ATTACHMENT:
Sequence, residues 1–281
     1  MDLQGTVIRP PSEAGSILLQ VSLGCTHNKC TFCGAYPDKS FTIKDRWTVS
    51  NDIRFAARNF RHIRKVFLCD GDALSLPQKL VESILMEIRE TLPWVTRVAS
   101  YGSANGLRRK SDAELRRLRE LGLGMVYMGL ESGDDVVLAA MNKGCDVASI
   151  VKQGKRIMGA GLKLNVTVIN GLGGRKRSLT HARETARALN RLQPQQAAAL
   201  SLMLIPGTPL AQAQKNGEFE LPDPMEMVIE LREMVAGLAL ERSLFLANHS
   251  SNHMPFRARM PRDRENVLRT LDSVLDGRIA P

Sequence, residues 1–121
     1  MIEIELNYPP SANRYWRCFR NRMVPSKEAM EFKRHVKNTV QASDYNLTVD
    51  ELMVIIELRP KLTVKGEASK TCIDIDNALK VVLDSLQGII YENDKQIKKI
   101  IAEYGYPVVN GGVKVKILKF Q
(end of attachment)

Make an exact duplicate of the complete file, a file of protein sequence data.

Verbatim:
Sequence, residues 1–281
     1  MDLQGTVIRP PSEAGSILLQ VSLGCTHNKC TFCGAYPDKS FTIKDRWTVS
    51  NDIRFAARNF RHIRKVFLCD GDALSLPQKL VESILMEIRE TLPWVTRVAS
   101  YGSANGLRRK SDAELRRLRE LGLGMVYMGL ESGDDVVLAA MNKGCDVASI
   151  VKQGKRIMGA GLKLNVTVIN GLGGRKRSLT HARETARALN RLQPQQAAAL
   201  SLMLIPGTPL AQAQKNGEFE LPDPMEMVIE LREMVAGLAL ERSLFLANHS
   251  SNHMPFRARM PRDRENVLRT LDSVLDGRIA P

Sequence, residues 1–121
     1  MIEIELNYPP SANRYWRCFR NRMVPSKEAM EFKRHVKNTV QASDYNLTVD
    51  ELMVIIELRP KLTVKGEASK TCIDIDNALK VVLDSLQGII YENDKQIKKI
   101  IAEYGYPVVN GGVKVKILKF Q